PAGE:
Step 3) Your starter should begin to bubble and fizz after the week, if you have attained this effect, place the starter with a lid slightly sealed but not tightly sealed in the fridge. If you have not achieved this "spontaneous fermentation" try again, or use rye flour instead of regular flour. At the end of this week pour half of the amount out into dough and use as a pizza dough, or just throw it out. This will help the remaining cells to become more potent the next time you add flour and water to it. Your starter won't be too sour yet. You will have to use it a few more times before noticing a "sour" taste. Keep the starter in the fridge from this point on until ready to use.
Step 4) Your starter or sponge, may be kept indefinitely as long as you feed it weekly, or sometimes they may last way longer between feedings as I have learned. If it has been awhile in between feedings, refresh, and let it sit on the counter at room temperature for 3 - 4 hours, or for the day, until it starts to bubble a lot before placing it back in the fridge. Every time you refresh it on a weekly (or monthly if it works for you) change out the jar and check for mold. If mold appears, throw it out and start again. Changing the jar often will prevent mold from growing.
Step 5) Using your starter: When you use your starter, reserve about 2 or 3 tbsp in the jar. Build your next starter upon that good 2 or 3 tbsp of previous starter. The taste will continue to improve as it ages. When wanting to use it for baking, take your starter out of this fridge and add 2 tbsp of water and flour. Allow it to come to room temperature. There will probably be liquid and solid separation.* When that occurs stir it up, or easier (if using a lidded jar), turn it upside down. Continue to turn jar every time it separates over the span of 3 to 4 hours (up to all day or even overnight).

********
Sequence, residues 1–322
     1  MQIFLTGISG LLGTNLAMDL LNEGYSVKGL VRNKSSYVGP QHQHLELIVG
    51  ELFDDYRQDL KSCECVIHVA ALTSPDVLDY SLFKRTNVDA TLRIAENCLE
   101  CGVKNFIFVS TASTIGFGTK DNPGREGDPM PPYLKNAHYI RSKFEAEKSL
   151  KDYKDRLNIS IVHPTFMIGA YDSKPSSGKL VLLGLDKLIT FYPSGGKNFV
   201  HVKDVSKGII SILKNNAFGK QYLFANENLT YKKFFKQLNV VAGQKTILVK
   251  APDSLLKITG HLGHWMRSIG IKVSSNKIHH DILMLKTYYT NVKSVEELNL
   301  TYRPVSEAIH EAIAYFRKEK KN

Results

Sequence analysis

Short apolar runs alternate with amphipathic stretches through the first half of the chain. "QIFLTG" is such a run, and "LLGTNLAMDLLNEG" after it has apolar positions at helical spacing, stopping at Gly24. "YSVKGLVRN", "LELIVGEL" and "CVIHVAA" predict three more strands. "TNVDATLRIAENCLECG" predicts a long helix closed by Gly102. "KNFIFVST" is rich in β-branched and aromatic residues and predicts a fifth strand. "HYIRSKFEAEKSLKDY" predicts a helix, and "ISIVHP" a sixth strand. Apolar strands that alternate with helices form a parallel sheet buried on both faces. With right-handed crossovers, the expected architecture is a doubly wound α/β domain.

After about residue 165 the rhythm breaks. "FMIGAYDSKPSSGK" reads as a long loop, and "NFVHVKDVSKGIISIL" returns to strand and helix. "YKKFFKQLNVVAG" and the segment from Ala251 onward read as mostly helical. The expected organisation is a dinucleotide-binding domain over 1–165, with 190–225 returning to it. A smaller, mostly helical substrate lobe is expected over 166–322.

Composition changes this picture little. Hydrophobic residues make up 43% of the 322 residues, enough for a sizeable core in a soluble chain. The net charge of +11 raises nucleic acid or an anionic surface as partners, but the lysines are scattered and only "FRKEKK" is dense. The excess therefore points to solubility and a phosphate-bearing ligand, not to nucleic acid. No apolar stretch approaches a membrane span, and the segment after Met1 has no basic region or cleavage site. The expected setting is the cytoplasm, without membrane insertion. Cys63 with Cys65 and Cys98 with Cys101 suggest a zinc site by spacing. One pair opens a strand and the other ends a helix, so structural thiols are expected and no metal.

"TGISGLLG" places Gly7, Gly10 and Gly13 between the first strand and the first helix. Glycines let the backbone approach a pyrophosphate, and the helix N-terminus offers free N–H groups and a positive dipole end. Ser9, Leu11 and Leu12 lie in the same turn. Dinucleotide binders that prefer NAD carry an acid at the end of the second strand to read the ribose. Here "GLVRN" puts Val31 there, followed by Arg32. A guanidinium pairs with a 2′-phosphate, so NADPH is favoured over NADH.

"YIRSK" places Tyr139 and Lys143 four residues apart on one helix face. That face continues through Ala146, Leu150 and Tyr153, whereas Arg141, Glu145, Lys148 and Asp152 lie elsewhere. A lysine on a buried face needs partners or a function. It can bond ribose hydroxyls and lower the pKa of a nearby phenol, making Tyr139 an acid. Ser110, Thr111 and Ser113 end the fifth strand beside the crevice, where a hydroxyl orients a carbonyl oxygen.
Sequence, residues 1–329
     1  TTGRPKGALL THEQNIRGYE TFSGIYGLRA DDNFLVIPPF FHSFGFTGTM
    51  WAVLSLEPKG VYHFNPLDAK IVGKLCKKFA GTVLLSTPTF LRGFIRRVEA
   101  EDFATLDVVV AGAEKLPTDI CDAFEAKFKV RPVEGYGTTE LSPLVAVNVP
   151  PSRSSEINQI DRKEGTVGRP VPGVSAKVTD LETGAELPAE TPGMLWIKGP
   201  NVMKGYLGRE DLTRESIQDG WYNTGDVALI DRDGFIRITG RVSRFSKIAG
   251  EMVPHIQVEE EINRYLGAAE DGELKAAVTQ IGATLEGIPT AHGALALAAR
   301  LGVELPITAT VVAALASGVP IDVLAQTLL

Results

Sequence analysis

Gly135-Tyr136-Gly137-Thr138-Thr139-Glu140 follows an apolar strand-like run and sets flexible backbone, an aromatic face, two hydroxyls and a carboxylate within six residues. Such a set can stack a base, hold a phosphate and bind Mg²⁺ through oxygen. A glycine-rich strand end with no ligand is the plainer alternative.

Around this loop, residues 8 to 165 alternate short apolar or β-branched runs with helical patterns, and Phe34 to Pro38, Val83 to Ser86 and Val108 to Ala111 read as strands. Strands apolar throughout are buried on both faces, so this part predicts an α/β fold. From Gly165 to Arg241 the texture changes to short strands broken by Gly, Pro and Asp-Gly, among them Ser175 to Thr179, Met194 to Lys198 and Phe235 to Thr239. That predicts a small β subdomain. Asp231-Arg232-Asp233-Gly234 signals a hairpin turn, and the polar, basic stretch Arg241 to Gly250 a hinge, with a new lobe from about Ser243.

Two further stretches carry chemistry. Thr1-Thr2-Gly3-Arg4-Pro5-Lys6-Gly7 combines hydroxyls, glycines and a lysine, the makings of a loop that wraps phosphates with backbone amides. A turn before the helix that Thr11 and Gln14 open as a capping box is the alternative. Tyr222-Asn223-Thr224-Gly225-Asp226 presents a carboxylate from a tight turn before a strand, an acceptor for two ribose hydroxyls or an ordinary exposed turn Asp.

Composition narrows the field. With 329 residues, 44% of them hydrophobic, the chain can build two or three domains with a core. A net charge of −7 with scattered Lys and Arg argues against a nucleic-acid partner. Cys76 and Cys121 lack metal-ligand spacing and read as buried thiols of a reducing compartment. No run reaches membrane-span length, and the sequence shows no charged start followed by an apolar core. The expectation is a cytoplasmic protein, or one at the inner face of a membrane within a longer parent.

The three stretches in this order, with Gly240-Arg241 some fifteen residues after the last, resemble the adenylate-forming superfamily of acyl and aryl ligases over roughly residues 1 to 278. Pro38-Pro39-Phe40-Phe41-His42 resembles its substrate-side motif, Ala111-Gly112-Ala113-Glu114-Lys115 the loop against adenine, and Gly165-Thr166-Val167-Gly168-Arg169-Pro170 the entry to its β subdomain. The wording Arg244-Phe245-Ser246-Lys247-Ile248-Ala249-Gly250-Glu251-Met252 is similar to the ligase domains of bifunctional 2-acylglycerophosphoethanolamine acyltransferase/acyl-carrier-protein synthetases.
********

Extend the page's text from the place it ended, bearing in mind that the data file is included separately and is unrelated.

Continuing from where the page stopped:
*Update as of Jan. 2013: After having an insightful conversation with my dear friend, I realized I should mention the natural separation that occurs when creating your own sourdough starter. When it does separate, it just means that the settled yeast is finished eating the sugars. They are still viable cells, and actually cause it to taste more sour. You're doing fine as long as there is no mold growing in the jar. That would be the only case when you would need to throw it out. When you do see the liquid separation, just shake it up or what I like to do in a mason jar is turn it upside down every time it separates, turn it right side up when it separates again. When I am reactivating my starter after it being in the fridge for a couple weeks, it always comes out of the fridge separated. Turn the jar about 3 or 4 times before using it.
So this is a good start for having as much sourness in the beginning of this process. The unfortunate part is that yes, you do have to use your starter for the first 3 or 4 times, before it will really be noticeably "sour". Also, remember you have to pour an amount out of your starter so that the remainder cells are more potent, and then every time you add back to it it will get better and better. Some people throw it out, I like to take advantage of the part that has to be tossed and use it in a low-rise dough such as pizza. So don't be discouraged, your first loaves or uses will be a little lame, but if you hang in there you'll have a great starter that has the potential to last for years (as long as you use it and replenish it). Happy baking!